October 22, 2019

In gear for Maccabiah Games

When Steve Pompan played on the U.S. tennis squad at the last Maccabiah Games in Israel, he was struck by the spectators’ tribal inclination to give advice to the players battling it out on the court.

“While I was playing, they kept telling me, ‘Hit the ball deeper,’ or ‘Use your backhand,’ ” recalled Pompan, a Los Angeles portfolio manager.

Pompan participated in the quadrennial Maccabiah Games, dubbed the “Jewish Olympics,” in 2009. He took along his wife and kids, and the sense of bonding in Israel with some 8,000 Jewish athletes from 60 countries blew him away.

“That was a life-enriching experience, a life-changing experience,” he enthused. “Definitely a bucket list type of deal.”

Pompan is now the volunteer West Coast director in charge of the regional tennis tryouts for the next Maccabiah Games, to be held July 16-30, 2013, in Jerusalem, Tel Aviv and Haifa. Recently, he was at the MountainGate Country Club, encouraging some 60 male and female hopefuls — and competing himself.

For these particular tryouts in the Master’s division, competitors ranged generally from 35 to 64, but there was one notable exception.

She was Joyce Eisenberg-Keefer, 77, who, besides running the New Mart Building showrooms and supporting a long list of philanthropies, works out every morning for three hours on a treadmill and other fitness equipment.

“I can hold my own,” she avowed, and proved it by teaming up with Hally Cohen, 36, to qualify for the women’s doubles competition.

One of her likely venues in Israel will be the Ben and Joyce Eisenberg Israel Tennis Center in Jerusalem, endowed by her and her late husband.

Another hopeful was Arnie Friedman, competing in the 60-plus age category, who fondly recalled the 2005 Maccabiah Games, when he and his partner won a bronze medal in the men’s doubles.

“We wore our Maccabiah ID tags, and on the streets people kept stopping us, saying, ‘Thank you for coming.’ That really got me.”

Friedman, a radiologist for the Veterans Administration in Fresno, also remembered the emotional wallop of the opening and closing ceremonies, when the thousands of athletes from 60 countries sang “Hatikvah” in their different accents. 

Rick Lieberman, an actor/director and Westwood resident, learned tennis in his native Brooklyn and on his cousin’s court on Long Island. He expressed his respect for his fellow competitors in the 60-plus age group, who indeed showed the skill and stamina a player half their age might envy.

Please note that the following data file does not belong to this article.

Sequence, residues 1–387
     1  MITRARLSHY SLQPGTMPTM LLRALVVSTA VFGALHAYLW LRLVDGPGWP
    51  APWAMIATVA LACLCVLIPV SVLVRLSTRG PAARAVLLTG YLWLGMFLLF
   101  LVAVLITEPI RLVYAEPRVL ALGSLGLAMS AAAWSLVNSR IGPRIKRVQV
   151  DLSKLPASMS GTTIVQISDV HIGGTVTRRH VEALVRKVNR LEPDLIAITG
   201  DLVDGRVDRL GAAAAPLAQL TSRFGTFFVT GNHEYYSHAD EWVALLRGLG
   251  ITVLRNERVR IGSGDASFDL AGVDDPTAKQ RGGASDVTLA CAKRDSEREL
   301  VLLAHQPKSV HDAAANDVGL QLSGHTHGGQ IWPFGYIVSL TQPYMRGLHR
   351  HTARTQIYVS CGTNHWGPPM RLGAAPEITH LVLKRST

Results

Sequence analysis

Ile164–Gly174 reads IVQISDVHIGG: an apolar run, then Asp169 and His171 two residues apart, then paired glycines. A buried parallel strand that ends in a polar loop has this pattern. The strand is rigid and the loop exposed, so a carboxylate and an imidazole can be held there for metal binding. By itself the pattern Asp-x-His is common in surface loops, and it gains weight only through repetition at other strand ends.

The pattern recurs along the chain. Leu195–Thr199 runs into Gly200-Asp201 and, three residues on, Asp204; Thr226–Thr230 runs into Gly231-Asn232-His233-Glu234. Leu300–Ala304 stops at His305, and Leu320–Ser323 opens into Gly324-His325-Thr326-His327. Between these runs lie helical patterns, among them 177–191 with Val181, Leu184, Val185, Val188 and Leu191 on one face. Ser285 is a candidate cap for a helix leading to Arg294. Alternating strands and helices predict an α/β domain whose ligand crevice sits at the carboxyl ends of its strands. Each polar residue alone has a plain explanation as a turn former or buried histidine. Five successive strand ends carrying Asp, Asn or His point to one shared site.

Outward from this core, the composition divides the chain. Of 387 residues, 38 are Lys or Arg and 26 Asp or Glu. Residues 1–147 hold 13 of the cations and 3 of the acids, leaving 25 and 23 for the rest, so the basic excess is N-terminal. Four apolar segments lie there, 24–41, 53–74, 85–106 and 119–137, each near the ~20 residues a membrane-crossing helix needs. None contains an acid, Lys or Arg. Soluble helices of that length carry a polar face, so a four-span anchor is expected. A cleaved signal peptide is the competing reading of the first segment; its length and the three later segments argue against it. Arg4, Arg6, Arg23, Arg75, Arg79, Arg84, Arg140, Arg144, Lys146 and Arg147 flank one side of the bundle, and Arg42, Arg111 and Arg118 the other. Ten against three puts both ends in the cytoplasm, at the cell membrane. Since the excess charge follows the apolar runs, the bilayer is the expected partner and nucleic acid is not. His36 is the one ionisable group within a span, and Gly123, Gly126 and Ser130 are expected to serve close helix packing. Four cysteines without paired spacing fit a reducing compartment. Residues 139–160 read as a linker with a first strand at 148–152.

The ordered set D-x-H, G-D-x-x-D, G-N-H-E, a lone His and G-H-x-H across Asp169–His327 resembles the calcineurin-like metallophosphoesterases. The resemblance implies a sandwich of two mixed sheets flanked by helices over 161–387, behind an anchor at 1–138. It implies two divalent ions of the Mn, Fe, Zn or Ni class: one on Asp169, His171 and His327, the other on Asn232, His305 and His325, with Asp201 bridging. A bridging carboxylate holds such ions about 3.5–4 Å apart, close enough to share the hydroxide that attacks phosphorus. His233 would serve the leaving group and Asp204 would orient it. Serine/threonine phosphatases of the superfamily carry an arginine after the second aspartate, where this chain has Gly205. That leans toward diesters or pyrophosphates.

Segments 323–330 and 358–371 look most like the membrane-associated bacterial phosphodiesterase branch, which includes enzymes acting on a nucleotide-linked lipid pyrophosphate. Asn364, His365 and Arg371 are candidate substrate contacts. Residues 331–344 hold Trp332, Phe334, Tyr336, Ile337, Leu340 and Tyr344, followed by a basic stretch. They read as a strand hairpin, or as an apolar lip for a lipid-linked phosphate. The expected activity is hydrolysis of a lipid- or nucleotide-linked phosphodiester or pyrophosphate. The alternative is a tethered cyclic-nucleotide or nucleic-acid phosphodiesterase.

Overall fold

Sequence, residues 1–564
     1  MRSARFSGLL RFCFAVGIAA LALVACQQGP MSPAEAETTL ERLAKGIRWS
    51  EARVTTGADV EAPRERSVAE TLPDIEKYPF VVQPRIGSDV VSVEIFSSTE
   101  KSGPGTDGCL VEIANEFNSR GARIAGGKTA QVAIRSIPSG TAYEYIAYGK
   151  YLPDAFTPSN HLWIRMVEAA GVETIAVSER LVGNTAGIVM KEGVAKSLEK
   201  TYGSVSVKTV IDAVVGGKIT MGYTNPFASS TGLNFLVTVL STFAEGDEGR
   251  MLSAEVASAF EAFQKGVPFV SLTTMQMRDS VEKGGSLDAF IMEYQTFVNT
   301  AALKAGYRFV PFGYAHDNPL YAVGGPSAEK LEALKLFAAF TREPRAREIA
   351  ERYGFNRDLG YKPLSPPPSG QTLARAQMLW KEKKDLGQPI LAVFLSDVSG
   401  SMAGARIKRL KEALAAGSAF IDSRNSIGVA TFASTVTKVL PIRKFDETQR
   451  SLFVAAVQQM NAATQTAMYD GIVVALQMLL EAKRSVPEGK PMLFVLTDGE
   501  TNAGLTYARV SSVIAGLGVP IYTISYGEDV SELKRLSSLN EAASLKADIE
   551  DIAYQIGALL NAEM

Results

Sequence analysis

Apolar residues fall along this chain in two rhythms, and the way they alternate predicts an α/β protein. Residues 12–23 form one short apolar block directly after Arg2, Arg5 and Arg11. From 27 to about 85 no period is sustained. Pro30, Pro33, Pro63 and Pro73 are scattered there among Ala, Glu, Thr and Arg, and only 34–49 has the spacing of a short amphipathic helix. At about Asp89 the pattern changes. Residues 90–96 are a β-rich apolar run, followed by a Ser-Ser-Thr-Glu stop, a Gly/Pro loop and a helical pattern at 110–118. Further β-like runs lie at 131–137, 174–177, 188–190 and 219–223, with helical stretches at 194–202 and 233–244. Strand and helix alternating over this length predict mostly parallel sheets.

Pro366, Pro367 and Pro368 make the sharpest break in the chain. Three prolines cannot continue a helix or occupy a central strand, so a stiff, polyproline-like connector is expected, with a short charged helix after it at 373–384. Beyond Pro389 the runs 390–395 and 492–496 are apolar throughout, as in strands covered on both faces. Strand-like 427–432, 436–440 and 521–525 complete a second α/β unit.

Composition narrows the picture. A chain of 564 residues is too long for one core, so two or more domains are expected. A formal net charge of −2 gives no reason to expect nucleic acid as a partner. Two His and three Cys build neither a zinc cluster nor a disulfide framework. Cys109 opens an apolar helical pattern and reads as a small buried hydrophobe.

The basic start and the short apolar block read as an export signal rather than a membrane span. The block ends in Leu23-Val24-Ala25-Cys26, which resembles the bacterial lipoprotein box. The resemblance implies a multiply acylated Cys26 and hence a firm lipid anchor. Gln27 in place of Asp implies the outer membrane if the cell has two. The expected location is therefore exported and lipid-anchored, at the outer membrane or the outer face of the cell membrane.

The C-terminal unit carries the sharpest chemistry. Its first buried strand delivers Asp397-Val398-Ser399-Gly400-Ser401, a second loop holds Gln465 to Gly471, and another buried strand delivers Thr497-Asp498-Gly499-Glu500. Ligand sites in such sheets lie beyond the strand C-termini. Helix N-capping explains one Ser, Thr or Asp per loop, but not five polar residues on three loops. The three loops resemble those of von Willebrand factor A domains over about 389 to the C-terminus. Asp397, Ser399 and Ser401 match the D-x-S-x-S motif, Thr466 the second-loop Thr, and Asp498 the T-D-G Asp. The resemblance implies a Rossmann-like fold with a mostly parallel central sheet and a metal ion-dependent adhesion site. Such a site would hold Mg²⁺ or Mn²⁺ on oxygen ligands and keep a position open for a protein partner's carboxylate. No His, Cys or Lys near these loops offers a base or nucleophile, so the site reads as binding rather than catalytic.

Steve Soboroff, another Angeleno, is also busy preparing for the 2013 Maccabiah Games, though he is better known for his financial and organizing acumen than for his athletic prowess.


Bernie Wesson in action. Photo by David Herman

Soboroff is a mega real estate developer, the driving force behind the creation of the Staples Center, and he was a member of the Los Angeles organizing committee for the 1984 Olympics, which turned an anticipated sea of red ink into an unprecedented $225 million surplus.

So it offended his entrepreneurial instincts when he realized in early 2008 that the 18th Maccabiah Games, the following year, would have little in the way of international television coverage or bill-paying sponsors. That meant that there wouldn’t be enough money left to pay for the participation of Jewish athletes from smaller communities or poorer countries.

His first step was to form a Committee of 18 (for the 18th “Chai” Maccabiah Games), consisting of top names in the entertainment industry, media, marketing and advertising, who, in addition to lending their expertise and attending meetings, had the privilege of each contributing $50,000.

Building on this base, the Committee of 18, retaining its original name, has expanded this time around to more than 40 members and will lead a VIP delegation of more than 200 to attend the Maccabiah Games, meet privately with the Israeli prime minister and enjoy other perks.

During a recent evening barbecue at a Bel Air mansion, Soboroff and Eyal Tiberger, executive director of the 2013 Maccabiah Games and the Maccabi World Union, gave a preview of next year’s events.

For the first time, opening ceremonies will be held in Jerusalem and closing ceremonies in Haifa, and an expected 9,000 athletes from a record 70 countries, including first-timer Cuba, are expected to participate. 

Most of the action will be beamed to millions of potential viewers around the world via the JLTV channel, and Soboroff’s committee expects to raise around $2.2 million, which will underwrite the participation of some 300 athletes from poorer communities. 

Added to the competitive sports this year will be equestrian events and ice hockey, on top of the last Maccabiah Games’ additions of lawn bowling, cricket, 10-pin bowling and futsal (indoor soccer), as well as bridge and chess.

Athletes must be fed, of course, and at the 2009 Maccabiah Games participants consumed 450,000 kosher meals, 200,000 meals-to-go and 1.5 million quarts of mineral water.

But more important than statistics, logistics and medals are the bonds forged between the world’s Jewish athletes and communities, Tiberger said.

“Between 70 to 80 percent of the athletes will be on their first trip to Israel,” he said. “All participants tour the country extensively and take part in a three-day orientation of Jewish heritage and Israel.”